An Israeli startup that is developing a way to use a patient’s cells to treat damaged kidneys, has received the backing of the South African born Israeli billionaire and philanthropist Morris Kahn.
KidneyCure Ltd., the biotech firm that is developing a new cell-therapy technology for treating advanced chronic kidney disease, said it has completed a financing round with investors including Aurum Ventures, the technology investment arm of Kahn, and Direct Insurance Financial Investments.
The new investors join KidneyCure’s existing backers, including Jonathan Leitersdorf, Prof. John Finberg and Gilad Altshuler Holdings. The investment from Aurum Ventures and Direct Insurance brings the total amount raised by KidneyCure to $4 million.
KidneyCure is developing cell-based personalized medicine therapy that compensates for renal cell depletion by injecting the patients with renal stem cells attained from the patients’ own cells. Upon administration, these cells are expected to significantly improve kidney function, prevent the formation of fibrotic renal tissue, and delay the progression of the disease, the company said.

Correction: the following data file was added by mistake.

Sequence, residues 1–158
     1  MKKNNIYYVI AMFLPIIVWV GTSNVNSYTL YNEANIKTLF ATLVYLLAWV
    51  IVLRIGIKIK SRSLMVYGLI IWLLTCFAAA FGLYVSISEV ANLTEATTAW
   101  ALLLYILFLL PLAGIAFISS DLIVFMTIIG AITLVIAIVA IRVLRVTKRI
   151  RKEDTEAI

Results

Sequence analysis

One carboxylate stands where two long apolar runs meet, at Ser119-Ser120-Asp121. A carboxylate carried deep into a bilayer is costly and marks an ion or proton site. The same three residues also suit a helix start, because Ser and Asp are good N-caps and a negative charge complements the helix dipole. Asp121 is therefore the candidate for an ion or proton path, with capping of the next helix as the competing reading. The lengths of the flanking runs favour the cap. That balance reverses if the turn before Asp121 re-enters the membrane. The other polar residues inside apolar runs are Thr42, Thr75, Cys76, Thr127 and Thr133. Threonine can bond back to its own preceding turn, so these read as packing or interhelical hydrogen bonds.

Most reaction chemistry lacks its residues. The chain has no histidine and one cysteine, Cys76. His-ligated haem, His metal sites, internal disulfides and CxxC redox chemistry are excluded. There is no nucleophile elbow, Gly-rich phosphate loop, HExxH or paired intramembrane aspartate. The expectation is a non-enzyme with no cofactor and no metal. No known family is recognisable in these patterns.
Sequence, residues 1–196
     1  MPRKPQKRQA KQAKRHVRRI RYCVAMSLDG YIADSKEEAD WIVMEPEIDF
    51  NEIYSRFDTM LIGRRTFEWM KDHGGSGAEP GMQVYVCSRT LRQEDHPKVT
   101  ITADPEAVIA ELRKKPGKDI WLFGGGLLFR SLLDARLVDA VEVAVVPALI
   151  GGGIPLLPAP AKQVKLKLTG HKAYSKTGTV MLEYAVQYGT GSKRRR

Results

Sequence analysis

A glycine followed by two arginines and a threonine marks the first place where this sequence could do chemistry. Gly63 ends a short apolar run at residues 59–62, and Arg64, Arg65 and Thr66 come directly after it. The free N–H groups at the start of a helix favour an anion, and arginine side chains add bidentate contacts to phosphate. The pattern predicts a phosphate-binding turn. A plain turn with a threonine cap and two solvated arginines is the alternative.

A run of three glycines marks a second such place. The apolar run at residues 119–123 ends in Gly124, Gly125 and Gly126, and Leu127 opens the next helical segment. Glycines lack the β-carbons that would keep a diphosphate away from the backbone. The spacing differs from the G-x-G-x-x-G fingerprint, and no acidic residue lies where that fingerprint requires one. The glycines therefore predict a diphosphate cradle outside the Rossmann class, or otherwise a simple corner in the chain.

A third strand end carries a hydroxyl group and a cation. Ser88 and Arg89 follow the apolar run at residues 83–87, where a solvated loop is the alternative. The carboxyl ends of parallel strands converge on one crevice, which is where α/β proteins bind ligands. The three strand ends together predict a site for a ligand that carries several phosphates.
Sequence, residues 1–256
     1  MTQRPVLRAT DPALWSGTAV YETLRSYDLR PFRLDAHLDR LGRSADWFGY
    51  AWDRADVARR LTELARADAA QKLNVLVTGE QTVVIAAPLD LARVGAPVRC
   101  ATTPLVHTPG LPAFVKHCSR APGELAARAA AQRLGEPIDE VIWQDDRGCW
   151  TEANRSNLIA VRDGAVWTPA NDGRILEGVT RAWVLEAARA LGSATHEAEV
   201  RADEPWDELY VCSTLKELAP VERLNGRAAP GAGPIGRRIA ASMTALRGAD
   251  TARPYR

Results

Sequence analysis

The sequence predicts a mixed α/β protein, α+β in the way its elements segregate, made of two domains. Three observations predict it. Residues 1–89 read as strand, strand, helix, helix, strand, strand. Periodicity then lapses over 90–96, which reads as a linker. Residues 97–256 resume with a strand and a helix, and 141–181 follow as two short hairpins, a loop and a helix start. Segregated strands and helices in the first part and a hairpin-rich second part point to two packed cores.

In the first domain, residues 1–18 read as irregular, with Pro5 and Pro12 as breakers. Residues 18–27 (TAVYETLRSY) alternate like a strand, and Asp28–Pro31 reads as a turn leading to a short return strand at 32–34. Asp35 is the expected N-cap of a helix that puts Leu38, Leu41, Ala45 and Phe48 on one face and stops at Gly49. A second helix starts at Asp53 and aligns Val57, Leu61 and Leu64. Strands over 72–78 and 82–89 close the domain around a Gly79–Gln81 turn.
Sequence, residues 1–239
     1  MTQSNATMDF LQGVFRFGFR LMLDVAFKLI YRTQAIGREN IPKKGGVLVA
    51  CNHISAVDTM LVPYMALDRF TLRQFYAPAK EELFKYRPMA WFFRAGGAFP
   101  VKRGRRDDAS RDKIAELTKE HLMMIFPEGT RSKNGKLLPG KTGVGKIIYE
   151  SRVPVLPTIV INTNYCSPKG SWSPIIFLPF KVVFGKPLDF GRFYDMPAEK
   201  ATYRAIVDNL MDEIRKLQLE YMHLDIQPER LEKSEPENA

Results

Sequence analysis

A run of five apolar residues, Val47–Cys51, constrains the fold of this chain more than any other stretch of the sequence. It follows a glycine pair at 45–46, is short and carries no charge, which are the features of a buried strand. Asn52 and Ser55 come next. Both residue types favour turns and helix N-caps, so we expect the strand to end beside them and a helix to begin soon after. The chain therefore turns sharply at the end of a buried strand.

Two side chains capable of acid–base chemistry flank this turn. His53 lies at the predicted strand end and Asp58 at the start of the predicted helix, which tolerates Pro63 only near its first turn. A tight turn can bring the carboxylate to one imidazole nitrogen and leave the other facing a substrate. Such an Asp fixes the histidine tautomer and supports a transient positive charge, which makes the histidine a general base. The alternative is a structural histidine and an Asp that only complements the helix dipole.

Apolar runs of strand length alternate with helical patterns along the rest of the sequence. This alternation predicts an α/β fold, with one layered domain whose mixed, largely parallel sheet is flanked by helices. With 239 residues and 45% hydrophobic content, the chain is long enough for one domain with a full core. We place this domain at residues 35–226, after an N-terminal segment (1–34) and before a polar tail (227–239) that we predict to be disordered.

A substantial delay in the need for dialysis and kidney transplantation will be the expected major benefit of the treatment, the company said.
KidneyCure’s team is led by its CEO Dr. Alon Yaar, a serial entrepreneur, who served as founder and former CEO at Neuroderm, an Israeli pharmaceutical company that was bought by by Mitsubishi Tanabe Pharma in 2017 for $1.1 billion. The chief scientific and medical adviser of at the firm is Prof. Benjamin Dekel, a specialist in nephrology, human renal progenitor cells and renal regenerative medicine.
“The new funds from Aurum and Direct Insurance will enable us to accelerate our R&D process and meet the goal of completing all regulatory requirements to bring us to the start of clinical trials,” said the CEO Yaar in a statement announcing the funding. KidneyCure offers a new regenerative medicine technology for treating advanced stages of chronic renal disease “that currently have no treatment or cure,” he said.
Some 30 million people, or 15 percent of US adults are estimated to have Chronic Kidney Disease (CKD), according to the US Centers for Disease Control and Prevention, while 10% of the population worldwide is affected by CKD, and millions die every year, because of lack of access to affordable treatment, according to the National Kidney Foundation.